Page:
What in the world does the word “parallel” have to do with resumes?
Parallelism in resume writing – or any writing – refers to consistency in grammatical parts of speech. Purdue University’s Online Writing Lab defines parallelism this way: “Parallel structure means using the same pattern of words to show that two or more ideas have the same level of importance.”
In resume writing, parallelism is important in at least two areas:
- The bullet points in your Profile or Qualifications Summary section.
- The bullet points describing what you’ve done in your jobs.
Chapter 3 explained parallelism in Profile or Qualifications Summary sections. The idea is to make the parallel, as though each bullet point is completing the same sentence, thus boosting readability. Imagine that each Summary/Profile bullet point I write finishes an unstated but understood sentence that begins: “I am a(n)…” as in:
- [I am a] Seasoned systems analyst with strong commitment to time and resource budgets, new-business development, strategic planning, innovation, technology trends, customer-service needs, and close collaboration with sales and marketing during development.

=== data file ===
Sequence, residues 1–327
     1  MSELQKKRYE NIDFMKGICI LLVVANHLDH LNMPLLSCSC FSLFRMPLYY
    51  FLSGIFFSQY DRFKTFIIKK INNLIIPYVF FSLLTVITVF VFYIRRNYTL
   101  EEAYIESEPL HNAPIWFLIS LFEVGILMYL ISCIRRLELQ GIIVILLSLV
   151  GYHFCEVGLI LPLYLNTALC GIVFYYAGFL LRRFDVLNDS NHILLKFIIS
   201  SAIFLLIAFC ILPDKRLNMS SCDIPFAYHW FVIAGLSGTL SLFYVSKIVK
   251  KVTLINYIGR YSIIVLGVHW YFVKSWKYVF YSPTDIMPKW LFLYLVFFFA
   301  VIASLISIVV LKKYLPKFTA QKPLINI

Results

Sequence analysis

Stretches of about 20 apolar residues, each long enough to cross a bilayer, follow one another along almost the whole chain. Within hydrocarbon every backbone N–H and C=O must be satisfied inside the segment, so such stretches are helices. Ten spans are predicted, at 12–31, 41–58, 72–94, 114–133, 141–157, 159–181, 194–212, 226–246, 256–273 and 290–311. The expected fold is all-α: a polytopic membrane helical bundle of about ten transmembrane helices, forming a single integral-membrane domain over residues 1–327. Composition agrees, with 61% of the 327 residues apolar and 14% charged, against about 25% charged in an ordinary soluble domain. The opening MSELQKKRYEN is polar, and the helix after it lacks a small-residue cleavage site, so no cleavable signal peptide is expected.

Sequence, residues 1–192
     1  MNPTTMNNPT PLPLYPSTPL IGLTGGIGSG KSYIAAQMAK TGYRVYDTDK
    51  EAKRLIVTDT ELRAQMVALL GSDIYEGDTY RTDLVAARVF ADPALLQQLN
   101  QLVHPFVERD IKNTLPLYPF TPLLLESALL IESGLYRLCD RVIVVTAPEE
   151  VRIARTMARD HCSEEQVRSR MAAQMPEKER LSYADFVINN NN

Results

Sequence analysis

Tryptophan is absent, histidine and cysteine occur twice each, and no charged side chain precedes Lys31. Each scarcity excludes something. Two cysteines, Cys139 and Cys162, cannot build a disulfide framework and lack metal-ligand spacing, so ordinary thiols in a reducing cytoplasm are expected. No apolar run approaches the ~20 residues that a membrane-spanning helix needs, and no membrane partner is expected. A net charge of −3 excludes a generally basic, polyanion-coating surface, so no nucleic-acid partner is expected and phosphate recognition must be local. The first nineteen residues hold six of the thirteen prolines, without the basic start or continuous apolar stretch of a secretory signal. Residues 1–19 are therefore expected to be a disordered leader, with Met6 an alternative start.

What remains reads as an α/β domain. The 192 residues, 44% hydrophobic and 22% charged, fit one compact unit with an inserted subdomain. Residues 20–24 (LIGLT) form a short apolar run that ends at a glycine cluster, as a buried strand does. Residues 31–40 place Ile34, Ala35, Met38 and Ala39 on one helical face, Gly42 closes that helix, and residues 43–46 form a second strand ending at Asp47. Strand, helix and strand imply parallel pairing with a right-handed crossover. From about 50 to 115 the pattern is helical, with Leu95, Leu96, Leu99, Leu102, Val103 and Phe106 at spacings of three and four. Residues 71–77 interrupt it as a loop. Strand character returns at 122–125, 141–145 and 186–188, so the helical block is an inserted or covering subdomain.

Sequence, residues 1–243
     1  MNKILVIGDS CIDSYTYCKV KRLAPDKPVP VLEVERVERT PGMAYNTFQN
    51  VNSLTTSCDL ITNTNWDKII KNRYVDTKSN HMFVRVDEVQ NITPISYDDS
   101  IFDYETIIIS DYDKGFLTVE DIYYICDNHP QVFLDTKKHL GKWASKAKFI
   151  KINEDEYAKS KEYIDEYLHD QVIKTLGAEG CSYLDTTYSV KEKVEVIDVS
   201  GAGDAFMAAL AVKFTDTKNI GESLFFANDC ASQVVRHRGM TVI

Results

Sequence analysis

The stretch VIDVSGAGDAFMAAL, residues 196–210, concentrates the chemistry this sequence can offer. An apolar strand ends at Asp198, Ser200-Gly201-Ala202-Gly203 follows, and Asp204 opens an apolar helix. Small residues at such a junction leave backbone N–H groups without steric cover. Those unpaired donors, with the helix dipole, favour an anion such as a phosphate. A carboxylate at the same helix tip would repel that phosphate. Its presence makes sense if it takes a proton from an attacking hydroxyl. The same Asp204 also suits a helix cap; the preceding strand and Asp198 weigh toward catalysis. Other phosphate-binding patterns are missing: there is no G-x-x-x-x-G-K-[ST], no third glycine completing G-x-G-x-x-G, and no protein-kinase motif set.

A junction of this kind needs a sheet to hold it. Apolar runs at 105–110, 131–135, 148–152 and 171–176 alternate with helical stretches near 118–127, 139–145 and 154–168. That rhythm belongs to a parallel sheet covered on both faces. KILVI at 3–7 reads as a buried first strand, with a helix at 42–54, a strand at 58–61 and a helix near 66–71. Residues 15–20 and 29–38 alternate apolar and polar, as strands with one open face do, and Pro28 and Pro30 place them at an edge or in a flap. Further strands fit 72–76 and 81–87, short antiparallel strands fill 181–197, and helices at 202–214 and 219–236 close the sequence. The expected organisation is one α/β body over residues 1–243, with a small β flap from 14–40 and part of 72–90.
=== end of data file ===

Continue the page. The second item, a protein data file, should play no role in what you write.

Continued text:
- [I am a] Competent problem-solver who resolved sales and shipping issues by creating internal customer-care system and saved 20 percent shipping; researched and delivered Web conferencing service for sales that saved 30 percent of travel budgets.
- [I am a] Visionary innovator who partnered with another programmer to create pioneering language-learning software that earned national attention; served as lead analyst for revolutionary legal document generating and tracking product.
… and so on
In the bullet points describing your job functions and accomplishments don’t mix noun and verb phrases. Let’s look at this example:
- Managed and controlled all aspects of company’s West Coast presence. [verb]
- Complete ownership of inventory and financial standards. [noun]
- Full P&L responsibilities. [noun]
- Analyzed market and forecast sales, prepared corporate budgets and monitored results to achieve ROI objectives. [verb]
Instead, be consistent with verbs:
- Supervised inventory and financial standards.
- Completely oversaw profit and loss aspects of operation.